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Biomedical Models and Resources: Current Needs and Future Opportunities 4 Overriding Issues ISSUES WITHIN THE PURVIEW OF NCRR MAINTENANCE AND PRESERVATION Maintenance of living stocks is a bedrock of biomedical research and is one of the major and unique contributions of NCRR. As self-evident as that sounds, there are frequent complaints throughout the biomedical community that the biology and logistics related to healthy maintenance of model organisms cause continual problems that hinder research. Information gathered by the committee shows that those issues transcend all phyla. Recently, the issues have been outlined with regard to aquatic organisms (Lohr and others 1995; Morse and Nealson 1996). One issue that affects maintenance is how cost recovery is calculated for different species. There are inequities in the cost recovery required for different research resources; to the extent that it can affect this, NCRR could provide a leadership role by setting standards that could be applied equitably for all species. All animal models require a source of support at the whole-organism level to for continued maintenance to make them available to other scientists and to protect the investment made in initial development. Such continued support is much less glamorous than the research that developed the models originally, but their continued maintenance is critical. Some support can come from user fees but frequently total recovery of costs of animal colony maintenance results in user fees that are prohibitively high for investigators' research grants. The P40 mechanism has been successfully used by NCRR to help support model organism colonies and should be continued and expanded. Many other factors, such as quality of health surveillance and animal facilities are addressed elsewhere in this report. In 1990 an ILAR/NRC study detailed the need for preservation of important animal resources and gave examples of animal models (ranging from dogs to rodents to birds) that had been lost due to lack of funding or cryopreservation methods (NRC 1991). The present committee determined that the need still exists for several reasons. There has been underuse of current technologies of cryopreservation and underdevelopment of cryopreservation technologies needed to help alleviate this problem. The current status of cryopreservation of different species is highly variable. In the mouse, for example,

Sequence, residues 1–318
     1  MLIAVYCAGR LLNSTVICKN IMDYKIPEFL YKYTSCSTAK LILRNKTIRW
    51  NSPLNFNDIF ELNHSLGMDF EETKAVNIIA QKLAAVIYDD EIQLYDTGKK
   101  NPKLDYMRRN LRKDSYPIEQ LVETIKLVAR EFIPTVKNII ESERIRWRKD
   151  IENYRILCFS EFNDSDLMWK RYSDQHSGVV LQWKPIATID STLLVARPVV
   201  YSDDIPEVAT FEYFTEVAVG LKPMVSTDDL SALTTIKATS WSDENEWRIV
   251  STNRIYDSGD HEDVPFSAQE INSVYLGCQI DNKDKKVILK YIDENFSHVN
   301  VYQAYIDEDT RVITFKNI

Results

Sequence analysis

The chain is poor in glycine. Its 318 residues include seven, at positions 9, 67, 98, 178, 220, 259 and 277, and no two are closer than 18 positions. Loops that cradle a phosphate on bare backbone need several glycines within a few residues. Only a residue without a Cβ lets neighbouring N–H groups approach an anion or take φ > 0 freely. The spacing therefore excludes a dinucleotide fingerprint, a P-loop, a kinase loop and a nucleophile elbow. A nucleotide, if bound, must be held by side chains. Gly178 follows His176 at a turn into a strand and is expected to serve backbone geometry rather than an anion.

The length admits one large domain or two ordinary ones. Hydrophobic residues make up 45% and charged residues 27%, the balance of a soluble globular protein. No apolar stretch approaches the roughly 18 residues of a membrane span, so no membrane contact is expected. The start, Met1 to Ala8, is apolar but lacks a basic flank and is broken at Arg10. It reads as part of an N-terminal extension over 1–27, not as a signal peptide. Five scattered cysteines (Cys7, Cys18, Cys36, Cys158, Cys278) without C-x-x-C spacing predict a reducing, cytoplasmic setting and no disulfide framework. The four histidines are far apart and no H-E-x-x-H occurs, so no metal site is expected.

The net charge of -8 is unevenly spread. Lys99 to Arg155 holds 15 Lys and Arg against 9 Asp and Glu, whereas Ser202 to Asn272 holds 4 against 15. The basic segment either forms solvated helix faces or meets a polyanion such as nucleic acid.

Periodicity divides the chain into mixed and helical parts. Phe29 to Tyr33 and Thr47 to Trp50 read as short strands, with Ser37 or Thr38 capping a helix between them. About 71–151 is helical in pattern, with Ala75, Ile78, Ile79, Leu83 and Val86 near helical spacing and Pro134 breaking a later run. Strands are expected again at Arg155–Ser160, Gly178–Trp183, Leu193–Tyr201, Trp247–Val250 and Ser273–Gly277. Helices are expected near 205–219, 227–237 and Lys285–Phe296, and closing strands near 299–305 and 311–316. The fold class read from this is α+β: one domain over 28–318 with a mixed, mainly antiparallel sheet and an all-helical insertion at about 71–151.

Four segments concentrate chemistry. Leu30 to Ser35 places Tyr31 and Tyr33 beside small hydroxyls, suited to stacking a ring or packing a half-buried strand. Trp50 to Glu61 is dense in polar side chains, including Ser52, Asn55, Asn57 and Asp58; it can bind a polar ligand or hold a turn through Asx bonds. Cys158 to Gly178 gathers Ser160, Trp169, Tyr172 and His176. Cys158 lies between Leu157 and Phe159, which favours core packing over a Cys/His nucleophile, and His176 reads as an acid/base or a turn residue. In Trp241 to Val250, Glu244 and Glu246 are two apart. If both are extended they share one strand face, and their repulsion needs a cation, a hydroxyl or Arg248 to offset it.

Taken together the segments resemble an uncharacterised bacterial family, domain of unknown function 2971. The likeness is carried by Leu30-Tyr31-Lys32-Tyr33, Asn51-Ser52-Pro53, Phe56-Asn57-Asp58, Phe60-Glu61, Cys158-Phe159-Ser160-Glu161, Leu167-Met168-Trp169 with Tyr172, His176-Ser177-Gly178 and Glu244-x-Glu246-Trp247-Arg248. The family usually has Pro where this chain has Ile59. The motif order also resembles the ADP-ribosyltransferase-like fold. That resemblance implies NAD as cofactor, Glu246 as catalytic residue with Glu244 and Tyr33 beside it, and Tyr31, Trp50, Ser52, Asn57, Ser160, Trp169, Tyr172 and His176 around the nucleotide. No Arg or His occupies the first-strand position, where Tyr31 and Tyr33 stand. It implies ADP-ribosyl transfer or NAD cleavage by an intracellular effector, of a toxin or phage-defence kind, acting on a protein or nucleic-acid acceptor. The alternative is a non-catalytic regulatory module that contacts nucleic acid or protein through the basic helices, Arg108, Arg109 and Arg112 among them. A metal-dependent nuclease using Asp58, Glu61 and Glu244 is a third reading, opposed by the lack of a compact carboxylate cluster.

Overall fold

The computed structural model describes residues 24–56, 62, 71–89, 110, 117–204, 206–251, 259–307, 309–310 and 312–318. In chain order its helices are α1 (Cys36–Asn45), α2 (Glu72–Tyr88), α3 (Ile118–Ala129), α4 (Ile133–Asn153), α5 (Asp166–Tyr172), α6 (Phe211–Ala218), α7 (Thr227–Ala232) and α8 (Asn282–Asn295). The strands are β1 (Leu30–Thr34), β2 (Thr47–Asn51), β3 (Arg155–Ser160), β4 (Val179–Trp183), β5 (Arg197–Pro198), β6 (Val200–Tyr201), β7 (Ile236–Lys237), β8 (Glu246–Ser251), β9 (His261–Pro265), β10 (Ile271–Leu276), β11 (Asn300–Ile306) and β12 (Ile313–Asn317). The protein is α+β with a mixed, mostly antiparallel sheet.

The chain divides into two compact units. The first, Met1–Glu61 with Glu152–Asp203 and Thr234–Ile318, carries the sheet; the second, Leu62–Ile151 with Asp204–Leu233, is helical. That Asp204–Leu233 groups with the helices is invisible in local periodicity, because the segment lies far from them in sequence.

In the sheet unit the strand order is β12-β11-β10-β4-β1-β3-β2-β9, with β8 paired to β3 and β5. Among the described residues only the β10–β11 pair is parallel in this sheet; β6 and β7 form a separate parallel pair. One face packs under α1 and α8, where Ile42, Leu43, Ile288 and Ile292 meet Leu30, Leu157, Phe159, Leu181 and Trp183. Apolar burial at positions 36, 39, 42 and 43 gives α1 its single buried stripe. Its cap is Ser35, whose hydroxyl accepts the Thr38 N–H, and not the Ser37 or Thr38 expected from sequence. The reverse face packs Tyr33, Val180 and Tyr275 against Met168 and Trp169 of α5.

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Biomedical Models and Resources: Current Needs and Future Opportunities embryos from many strains tend to freeze and recover well. Gametes from hybrid mice also can be cryopreserved, but those from most inbred strains and genetically modified strains cannot. Bovine sperm has been routinely cryopreserved for a long time. In other species, the success is much more variable. Aquatic organisms cannot be successfully preserved by either embryo or gamete cryopreservation. Some models have been lost because no practical preservation methods were available at the time when an individual laboratory could no longer support a particular model. Some wild-derived models are lost because of inadequate funding to bring them into the laboratory or develop them for use as models. The cost of cryopreservation is an impediment for most researchers because research grants typically do not provide funding for cryopreservation and because current methods, such as freezing embryos in mice, are relatively expensive. Providing funds for development of more cost-effective methods, such as freezing gametes, would alleviate this preservation cost. For example, the cost of cryopreserving a mouse strain might vary from a few thousand to 10,000 dollars, depending on the method and ease of freezing. Once the initial investment in cryopreserving a stock is made, the maintenance cost drops to a few dollars per year, compared with $3,000–4,000 per year to maintain a minimal breeding colony. The cost of recovery may be a few hundred to $3,000, but one recovery is less than the annual cost of keeping a stock in the breeding colony. Improvement, perfection, and reduction of the cost of embryo, ovum, ovary and sperm freezing are needed. Demand for some models might lessen from time to time, but often increases later. If these models' gametes could be frozen easily and stored during down periods, there could be reductions not only in per diem charges but also in the space required. Animal research space for genetically engineered mice now being produced is becoming scarce. Maximal use of that space could be accomplished if strains and stocks being held in animal rooms were cryopreserved. FACILITY INFRASTRUCTURE Today, more than ever, animals of the highest quality are needed to support the sophisticated animal models required to meet today's research challenges. Additional high-quality animal holding and maintenance space is required throughout the research community. A major problem that became apparent from all of our sources is that animal space has been depleted at many institutions. Major forces causing the depletion are the explosion in the number of genetically altered mice; the increasing animal care regulations; the increased demand for space to respond to them; the increased technology, such as barrier caging, required for housing laboratory animals; and the decrease in funding available from NCRR for construction and renovation of animal care facilities. AVAILABILITY OF EXPERTISE AND TRAINING Biomedical science is moving into the next phase of understanding the function at the whole-organism level of genes identified at the molecular level. During the